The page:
The Wakil gift is the largest ever given to the University. It will be used to help create a unique health precinct which will bring the various health disciplines together into a multidisciplinary teaching and research hub.
Imagine a teaching environment that integrates all the health disciplines – nursing, medicine, allied health, dentistry and pharmacy – so the education on offer is underpinned by the latest multidisciplinary research.
The farsighted vision of Susan and Isaac Wakil is bringing this concept to life, with the aim of transforming healthcare education in Australia.
Through their family Foundation, the Wakils have committed an unprecedented $35 million to establish a state of the art facility that will be part of a unique health precinct at the University. This precinct will bring together the various health disciplines to form a multidisciplinary teaching and research hub.
“Organising Sydney health education and research in this way will enable many more opportunities for learning as teams, and for exploring ways to improve health by taking a broader perspective on health research,” the Dean of the Faculty of Nursing and Midwifery (Sydney Nursing School), Professor Donna Waters (MPHlth ’97 PhD(Medicine) ’07), says.
“Our people are at the forefront of health research. We can add value by working together to embed this research in clinical service delivery and education.”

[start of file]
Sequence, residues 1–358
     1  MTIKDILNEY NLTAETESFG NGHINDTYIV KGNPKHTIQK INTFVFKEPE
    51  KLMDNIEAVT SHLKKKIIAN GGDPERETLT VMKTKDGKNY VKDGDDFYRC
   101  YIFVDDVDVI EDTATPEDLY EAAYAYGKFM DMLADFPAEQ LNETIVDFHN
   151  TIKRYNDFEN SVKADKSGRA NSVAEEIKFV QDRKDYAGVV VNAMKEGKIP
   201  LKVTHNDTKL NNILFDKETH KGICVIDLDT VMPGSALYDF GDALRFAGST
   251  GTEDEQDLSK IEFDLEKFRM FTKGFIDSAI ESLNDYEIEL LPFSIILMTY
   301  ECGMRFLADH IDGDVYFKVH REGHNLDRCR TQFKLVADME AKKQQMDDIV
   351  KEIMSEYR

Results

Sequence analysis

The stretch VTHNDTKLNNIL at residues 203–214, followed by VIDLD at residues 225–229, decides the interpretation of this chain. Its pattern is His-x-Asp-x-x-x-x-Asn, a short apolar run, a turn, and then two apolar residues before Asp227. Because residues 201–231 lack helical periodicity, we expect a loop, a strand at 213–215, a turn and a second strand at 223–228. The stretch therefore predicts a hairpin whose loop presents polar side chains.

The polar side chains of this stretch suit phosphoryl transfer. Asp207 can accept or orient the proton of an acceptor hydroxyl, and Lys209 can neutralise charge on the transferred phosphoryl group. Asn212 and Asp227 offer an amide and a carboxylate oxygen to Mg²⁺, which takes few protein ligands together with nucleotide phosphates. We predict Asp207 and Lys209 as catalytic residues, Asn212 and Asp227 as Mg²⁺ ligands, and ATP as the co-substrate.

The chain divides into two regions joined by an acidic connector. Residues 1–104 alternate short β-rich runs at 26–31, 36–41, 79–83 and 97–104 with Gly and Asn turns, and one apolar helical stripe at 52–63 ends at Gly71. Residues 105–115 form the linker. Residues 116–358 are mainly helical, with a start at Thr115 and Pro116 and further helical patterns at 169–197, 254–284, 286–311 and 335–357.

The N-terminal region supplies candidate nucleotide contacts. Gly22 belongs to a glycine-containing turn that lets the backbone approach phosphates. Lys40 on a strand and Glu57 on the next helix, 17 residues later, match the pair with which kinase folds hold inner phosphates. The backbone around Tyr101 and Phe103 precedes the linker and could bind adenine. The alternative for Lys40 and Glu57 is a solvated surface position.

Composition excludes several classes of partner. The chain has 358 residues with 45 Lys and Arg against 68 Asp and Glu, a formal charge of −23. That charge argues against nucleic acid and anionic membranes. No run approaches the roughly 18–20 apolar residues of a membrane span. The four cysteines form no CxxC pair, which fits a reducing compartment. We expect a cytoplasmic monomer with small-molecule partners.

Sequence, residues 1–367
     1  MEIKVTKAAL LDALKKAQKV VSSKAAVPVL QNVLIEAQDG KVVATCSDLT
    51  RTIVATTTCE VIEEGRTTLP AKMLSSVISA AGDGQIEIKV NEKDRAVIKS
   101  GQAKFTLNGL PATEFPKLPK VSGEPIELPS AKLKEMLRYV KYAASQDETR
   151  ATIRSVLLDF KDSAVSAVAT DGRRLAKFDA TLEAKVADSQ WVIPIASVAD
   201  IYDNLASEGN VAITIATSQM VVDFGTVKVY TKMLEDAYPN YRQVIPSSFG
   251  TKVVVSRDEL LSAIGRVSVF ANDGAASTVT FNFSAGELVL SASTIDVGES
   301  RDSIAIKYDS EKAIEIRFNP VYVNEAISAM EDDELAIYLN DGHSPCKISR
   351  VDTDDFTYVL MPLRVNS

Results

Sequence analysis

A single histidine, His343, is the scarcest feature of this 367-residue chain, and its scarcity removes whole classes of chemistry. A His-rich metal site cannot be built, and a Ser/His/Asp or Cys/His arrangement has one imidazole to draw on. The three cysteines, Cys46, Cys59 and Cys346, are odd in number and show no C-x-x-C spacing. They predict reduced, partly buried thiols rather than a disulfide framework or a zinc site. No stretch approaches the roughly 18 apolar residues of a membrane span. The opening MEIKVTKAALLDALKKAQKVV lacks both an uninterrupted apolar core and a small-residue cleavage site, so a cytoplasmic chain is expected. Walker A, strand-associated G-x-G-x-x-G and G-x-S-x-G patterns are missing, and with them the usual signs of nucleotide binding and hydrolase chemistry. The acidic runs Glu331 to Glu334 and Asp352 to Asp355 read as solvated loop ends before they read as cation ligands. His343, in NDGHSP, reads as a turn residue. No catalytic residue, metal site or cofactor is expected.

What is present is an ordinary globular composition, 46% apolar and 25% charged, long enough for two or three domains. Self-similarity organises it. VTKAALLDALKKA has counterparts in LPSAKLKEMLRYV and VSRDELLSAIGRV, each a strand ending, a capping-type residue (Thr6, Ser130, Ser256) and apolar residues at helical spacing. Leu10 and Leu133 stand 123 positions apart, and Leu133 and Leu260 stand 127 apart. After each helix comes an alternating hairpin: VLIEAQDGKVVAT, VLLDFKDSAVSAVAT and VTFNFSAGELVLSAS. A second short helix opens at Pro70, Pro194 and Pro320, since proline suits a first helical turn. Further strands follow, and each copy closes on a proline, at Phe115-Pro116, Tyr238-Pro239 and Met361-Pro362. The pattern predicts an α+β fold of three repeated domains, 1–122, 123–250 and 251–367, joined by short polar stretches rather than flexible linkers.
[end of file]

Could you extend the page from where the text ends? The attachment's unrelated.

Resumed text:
The Wakils’ new gift is in addition to another gift they made in support of nursing students. In 2015, the Wakils gave $10.8 million to Sydney Nursing School to recognise the invaluable work of nurses in the frontline of healthcare. This gift established 12 annual scholarships in perpetuity, to assist undergraduate and postgraduate nursing students with study, tuition and accommodation.
Together, these gifts provide a singular opportunity for the University to drive excellence in clinical services and holistic care wherever its health graduates go to work.
“We were inspired by the radical and innovative approach the University of Sydney is taking to address immediate and future healthcare challenges,’’ Mr Wakil says. “Susan and I are pleased to be able to make this project a reality.”
The philosophy behind co-location, where University students, researchers, clinical and education staff work closely together under the one roof exchanging knowledge and ideas, is mirrored in contemporary thinking about health.
“At the moment we don’t operate as an integrated health system - our services are fragmented,” explains the Dean of the Faculty of Health Sciences, Professor Kathryn Refshauge (DipManipPhysio ’84MHlthSc(Sports&ManipPhty)Hons ’75).
“Our future services will be well-linked with access to multidisciplinary teams, the infrastructure will match the needs of the community and people will have control of their own health.”
The building is just the beginning. It will be the catalyst for new ways of thinking, collaborating and teaching. The changed mind set will see health professionals moving away from their isolated silos to become part of a team working to improve outcomes - a team that involves the patients and their families.
This model promises a future of more affordable and equitable healthcare and real patient choice. It’s a future worth imagining, and thanks to the shared vision of the Wakils and the health educators and researchers at the University of Sydney, it’s closer than you think.
Written by Anna Herbert